- Measurability and ROI
– Another key differentiator between digital ads and the rest is the ability to measure a specific ad campaign’s success rate (defined by metrics like the clickthrough rate or the bounce rate) and to modify ad campaigns accordingly. Imagine that your friendly neighborhood creative agency creates an ad campaign that is perfect in every way except the call to action (in the form of a phone number or a store address or a discount coupon) isn’t attracting enough attention. For ads released via traditional media it would be tough to estimate exactly how many incremental sign ups can be attributed to the specific campaign versus a digital analytics led strategy that could almost near precisely define a company’s CAC (customer acquisition cost, basically the total marketing spend divided by the number of incremental customers). Using these metrics, a CMO would be able to devise more effective strategies and measure the relevant return on investment generated from the advertising campaign.
– The final criteria across which we would evaluate digital media advertising v/s traditional forms of advertising is the cost structure involved with buying ad space online. Rajan Anandan, MD of Google India, declared in his fireside chat with Sir Martin Sorrell that only about 10,000 companies in India could afford to advertise on television. Compare that number to the mindboggling fact that 10,000 first time advertisers are pushing ad content on the Internet every quarter. There’s a reason for this. In the current landscape, cost structures of digital marketing campaigns are very flexible and designed as per almost any customer profile. For campaigns designed purely to maximize eyeballs, marketers may choose to opt for a cost-per-thousand impressions structure v/s a conventional cost per click (CPC) led pricing strategy (where you pay each time a customer clicks on your specific ad). Google goes one step further in determining the relevant CPC for a lead generated via its search engine page through algorithmic calculation of a quality index for your website. Compared to flat rates available for ad space on TVs or newspapers, it’s no wonder that small businesses form a massive part of Google or InMobi’s target audience.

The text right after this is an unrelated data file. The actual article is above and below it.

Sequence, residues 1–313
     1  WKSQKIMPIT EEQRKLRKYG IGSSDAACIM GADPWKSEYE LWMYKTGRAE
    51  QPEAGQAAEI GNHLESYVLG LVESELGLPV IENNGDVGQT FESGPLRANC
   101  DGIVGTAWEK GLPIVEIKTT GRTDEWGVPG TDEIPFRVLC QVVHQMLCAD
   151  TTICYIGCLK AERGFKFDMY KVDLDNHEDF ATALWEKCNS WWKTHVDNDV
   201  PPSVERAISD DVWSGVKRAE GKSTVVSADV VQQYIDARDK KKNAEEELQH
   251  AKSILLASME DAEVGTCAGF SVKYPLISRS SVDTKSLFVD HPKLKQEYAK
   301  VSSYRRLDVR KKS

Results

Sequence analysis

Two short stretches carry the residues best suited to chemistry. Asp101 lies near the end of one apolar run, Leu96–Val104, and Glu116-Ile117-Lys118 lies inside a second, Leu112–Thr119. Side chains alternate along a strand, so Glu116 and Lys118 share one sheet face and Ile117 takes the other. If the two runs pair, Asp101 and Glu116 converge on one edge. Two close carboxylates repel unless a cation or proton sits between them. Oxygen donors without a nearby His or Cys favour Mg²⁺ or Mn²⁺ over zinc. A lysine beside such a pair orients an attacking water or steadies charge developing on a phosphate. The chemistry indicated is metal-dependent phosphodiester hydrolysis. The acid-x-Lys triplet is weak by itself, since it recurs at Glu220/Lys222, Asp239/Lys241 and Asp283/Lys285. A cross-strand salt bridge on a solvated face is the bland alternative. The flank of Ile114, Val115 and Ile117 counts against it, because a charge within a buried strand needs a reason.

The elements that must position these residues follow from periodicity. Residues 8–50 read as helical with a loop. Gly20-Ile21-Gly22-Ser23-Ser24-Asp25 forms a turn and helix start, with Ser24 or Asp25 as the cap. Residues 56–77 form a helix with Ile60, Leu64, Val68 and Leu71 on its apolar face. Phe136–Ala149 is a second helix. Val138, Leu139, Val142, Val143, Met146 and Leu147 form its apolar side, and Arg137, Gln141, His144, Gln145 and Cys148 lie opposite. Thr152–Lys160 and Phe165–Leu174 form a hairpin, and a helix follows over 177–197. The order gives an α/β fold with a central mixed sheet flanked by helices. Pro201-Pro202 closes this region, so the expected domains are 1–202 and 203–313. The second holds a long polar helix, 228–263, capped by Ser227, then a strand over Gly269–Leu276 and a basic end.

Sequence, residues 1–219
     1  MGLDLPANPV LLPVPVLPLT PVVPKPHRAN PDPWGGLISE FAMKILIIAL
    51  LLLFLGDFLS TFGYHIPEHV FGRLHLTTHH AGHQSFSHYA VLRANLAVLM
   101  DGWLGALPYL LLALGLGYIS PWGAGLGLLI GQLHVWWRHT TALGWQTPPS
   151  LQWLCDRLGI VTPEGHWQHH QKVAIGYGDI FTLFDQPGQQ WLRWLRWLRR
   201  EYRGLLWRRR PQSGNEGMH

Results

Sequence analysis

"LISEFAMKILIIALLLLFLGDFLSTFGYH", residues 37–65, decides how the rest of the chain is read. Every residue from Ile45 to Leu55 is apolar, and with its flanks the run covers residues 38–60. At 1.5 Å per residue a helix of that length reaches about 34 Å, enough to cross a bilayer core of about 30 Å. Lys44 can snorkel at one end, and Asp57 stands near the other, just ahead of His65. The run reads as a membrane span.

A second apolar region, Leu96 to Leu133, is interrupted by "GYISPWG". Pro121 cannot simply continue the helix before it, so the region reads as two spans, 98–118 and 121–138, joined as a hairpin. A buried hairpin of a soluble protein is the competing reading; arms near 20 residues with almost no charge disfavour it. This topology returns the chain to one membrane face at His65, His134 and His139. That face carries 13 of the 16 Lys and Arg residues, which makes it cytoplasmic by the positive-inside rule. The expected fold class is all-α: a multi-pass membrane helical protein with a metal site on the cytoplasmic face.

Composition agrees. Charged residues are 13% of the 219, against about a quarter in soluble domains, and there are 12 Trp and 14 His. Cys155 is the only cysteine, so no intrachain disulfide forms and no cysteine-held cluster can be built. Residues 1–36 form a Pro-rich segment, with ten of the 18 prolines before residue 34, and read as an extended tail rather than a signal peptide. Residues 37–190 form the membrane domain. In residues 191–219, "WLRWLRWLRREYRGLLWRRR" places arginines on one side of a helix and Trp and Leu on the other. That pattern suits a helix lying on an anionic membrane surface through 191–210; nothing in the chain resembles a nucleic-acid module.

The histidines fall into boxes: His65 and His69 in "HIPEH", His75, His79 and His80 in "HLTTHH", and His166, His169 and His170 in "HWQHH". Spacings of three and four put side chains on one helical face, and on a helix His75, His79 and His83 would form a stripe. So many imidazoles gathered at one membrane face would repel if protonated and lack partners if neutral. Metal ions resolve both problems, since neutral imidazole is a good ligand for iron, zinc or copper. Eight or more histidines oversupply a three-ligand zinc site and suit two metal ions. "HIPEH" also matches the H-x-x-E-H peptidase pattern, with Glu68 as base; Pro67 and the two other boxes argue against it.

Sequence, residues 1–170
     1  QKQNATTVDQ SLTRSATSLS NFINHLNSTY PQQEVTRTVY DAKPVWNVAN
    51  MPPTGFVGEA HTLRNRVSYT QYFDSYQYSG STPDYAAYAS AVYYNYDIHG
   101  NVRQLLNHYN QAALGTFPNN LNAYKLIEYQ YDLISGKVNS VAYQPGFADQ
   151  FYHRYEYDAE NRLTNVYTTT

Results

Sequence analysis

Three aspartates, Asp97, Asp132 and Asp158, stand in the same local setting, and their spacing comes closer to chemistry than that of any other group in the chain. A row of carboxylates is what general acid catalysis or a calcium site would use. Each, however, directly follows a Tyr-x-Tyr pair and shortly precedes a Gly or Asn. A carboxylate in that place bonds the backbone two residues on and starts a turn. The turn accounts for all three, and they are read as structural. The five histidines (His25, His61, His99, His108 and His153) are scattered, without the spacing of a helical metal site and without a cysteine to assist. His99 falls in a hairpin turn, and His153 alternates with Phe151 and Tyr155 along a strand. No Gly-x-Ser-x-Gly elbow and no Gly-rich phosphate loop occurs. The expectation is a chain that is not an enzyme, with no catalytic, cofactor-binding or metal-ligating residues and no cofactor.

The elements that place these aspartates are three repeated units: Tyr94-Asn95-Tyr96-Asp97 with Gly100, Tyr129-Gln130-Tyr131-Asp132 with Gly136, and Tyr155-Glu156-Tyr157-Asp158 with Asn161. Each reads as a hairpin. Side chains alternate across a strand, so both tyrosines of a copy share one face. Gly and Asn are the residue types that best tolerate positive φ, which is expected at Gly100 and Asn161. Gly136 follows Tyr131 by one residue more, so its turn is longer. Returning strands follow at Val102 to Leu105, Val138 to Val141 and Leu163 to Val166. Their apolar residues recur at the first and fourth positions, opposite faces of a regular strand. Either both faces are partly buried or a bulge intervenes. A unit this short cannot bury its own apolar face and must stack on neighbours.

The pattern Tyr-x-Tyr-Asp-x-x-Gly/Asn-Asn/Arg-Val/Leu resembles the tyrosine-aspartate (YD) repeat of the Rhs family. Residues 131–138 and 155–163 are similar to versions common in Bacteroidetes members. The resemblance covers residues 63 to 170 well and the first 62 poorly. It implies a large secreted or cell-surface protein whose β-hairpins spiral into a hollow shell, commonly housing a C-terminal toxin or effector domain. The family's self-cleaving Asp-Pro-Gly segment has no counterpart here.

It is hoped that the above discussion has served as a somewhat hopeful primer on an aspect of advertising that most of us talk about but have never really understood (Big data – another example). My intention is not to upsell digital advertising in any way. I understand that for a long time, a company’s digital strategy is essentially complementary to other components of its marketing budget. In the follow up piece we’ll delve deeper into the subject, talk further about some of the metrics that I have mentioned here, and also expand further on brand building v/s performance based advertising and the integral role that an Internet channel could play in both.
Akhil is currently in his final year at college, pursuing a Bachelor of Arts degree in Economics (Hons) at Sri Ram College of Commerce, University of Delhi. He has been passionate about writing since an early age and is currently involved with the official College magazine and Economics Department magazine at SRCC. His areas of interest include behavioural economics / finance, econometric analysis, macroeconomic policy, and political theory. He spends his free time reading extensively, watching interesting videos on YouTube, and trying to convince everybody around him that he really does know a thing or two about economics in the midst of all the pontification! He intends to wear the hat of a consultant soon and is trying his best to think strategically about everything.